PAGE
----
The reason for that was a movement called City Beautiful. It started in the 1890s with the World’s Columbian Exposition in Chicago. The architect Daniel Burnham was a leader in the movement; he went on to do the McMillan Plan for the National Mall in D.C. But I think what’s so interesting about the City Beautiful movement is that it controlled public spaces in a very specific way, and it was ultimately a movement about assimilation, and a movement that came out of a real concern about immigration.

During this period, ethnicities we now consider to be white — Irish and Italian, for example — were not considered to be white. And there was a real concern about assimilating these immigrants into … you can call it Americanization, but what it really was was an assimilation into white, Protestant culture. There was the thought that these immigrants needed to be turned into productive workers, and that concern is where a lot of our public spaces come from.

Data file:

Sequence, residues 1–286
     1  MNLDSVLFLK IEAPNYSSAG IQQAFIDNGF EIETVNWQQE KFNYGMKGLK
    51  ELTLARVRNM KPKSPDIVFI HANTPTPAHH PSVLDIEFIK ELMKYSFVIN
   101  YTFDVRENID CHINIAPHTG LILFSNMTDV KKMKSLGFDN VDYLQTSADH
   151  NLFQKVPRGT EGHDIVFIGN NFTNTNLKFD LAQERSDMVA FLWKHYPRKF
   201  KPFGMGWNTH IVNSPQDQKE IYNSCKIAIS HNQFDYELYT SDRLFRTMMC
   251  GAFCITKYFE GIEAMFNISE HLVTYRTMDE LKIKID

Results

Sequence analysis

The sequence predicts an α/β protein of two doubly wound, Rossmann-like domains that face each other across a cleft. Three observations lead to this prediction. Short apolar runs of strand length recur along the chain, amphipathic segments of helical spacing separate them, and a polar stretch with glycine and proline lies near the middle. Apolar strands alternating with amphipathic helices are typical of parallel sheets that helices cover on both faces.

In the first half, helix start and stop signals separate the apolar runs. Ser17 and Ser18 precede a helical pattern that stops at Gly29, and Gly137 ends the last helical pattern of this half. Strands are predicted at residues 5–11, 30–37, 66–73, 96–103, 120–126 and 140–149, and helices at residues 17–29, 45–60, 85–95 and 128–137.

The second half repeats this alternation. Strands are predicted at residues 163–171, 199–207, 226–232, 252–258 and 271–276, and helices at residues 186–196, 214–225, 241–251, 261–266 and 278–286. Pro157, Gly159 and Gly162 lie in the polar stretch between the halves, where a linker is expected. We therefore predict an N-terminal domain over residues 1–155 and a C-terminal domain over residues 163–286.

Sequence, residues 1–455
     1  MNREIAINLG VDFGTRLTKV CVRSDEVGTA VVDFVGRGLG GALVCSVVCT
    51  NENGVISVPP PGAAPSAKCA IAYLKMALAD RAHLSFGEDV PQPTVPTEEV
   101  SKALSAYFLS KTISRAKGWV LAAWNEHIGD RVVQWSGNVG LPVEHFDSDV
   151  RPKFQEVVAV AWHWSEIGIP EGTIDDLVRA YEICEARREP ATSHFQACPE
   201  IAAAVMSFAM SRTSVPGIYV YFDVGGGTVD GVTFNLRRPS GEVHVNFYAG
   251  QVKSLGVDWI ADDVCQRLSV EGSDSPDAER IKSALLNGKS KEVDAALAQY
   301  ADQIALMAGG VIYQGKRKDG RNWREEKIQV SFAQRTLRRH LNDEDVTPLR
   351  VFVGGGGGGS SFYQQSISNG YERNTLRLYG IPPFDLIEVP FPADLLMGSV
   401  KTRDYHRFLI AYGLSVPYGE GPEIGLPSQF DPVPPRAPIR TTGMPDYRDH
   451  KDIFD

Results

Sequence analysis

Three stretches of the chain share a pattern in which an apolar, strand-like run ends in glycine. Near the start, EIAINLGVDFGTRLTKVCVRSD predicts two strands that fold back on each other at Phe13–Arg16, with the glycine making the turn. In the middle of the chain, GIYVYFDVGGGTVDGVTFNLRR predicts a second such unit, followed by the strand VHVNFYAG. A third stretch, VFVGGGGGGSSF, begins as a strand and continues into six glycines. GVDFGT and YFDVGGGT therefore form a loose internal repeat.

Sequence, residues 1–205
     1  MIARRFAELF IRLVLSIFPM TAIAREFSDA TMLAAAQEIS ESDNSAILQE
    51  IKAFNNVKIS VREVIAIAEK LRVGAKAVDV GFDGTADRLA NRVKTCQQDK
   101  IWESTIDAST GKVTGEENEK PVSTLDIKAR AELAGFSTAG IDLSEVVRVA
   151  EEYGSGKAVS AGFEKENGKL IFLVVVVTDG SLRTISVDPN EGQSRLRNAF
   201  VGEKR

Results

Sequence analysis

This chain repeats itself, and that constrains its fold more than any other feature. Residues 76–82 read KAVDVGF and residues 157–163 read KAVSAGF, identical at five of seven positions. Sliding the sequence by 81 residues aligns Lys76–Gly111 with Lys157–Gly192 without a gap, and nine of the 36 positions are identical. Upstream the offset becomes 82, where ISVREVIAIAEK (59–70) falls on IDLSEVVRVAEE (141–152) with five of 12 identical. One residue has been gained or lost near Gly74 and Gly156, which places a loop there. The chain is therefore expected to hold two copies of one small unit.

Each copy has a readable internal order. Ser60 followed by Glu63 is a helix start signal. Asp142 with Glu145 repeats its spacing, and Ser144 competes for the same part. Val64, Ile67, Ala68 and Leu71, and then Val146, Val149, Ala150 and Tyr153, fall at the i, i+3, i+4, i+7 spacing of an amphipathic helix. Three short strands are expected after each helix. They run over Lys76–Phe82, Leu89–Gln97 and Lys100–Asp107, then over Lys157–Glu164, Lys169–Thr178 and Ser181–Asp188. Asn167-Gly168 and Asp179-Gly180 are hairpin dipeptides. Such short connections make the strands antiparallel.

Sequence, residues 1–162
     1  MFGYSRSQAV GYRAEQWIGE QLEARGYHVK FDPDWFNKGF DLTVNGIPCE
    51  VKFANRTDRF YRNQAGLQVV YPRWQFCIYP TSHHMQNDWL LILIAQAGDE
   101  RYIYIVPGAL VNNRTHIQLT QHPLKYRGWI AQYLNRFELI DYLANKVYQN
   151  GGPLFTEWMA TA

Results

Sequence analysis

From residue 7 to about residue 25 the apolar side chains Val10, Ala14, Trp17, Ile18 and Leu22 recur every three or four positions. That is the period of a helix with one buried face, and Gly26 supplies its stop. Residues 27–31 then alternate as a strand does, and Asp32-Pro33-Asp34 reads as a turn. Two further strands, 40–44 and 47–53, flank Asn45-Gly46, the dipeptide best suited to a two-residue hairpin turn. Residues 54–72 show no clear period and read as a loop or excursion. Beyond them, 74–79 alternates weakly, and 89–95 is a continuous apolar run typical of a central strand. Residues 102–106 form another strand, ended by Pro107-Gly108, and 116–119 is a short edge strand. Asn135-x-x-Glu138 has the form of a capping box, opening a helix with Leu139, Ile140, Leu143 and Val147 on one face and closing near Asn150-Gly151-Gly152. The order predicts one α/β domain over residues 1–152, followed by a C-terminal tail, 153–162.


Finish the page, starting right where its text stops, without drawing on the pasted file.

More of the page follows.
Squares with statues of ostensibly virtuous civil leaders at the center often came out of the City Beautiful movement. This time also coincided with the creation of many Confederate monuments, though they were coming from a different set of concerns. Confederate monuments were put up in response to Blacks getting more rights, as a kind of a backlash. Starting with the Reconstruction, we see them being used as a way to control public spaces and maintain white supremacy alongside other things like lynching, controlling school curriculums, etc.

Q: Why is the removal of statues such a fraught topic?

A: What we choose to memorialize speaks to our values as a society, and often, certain populations are excluded entirely from that. I think in general in this country, statues have held up a very white, male virtue. They often depict political leaders, but more often military leaders. … When we get into Confederate monuments specifically, again, they were purposely put up at times when Blacks were beginning to gain more rights as citizens, and very often, they were erected in public, civic spaces, often on courthouse lawns, specifically to let Black people know that even though, legally, they had more rights, those rights wouldn’t be upheld there. Following the murder of George Floyd, I think we started to see a broader recognition of how statues in civic spaces can exclude certain people.

Q: How do we decide what stays and what goes?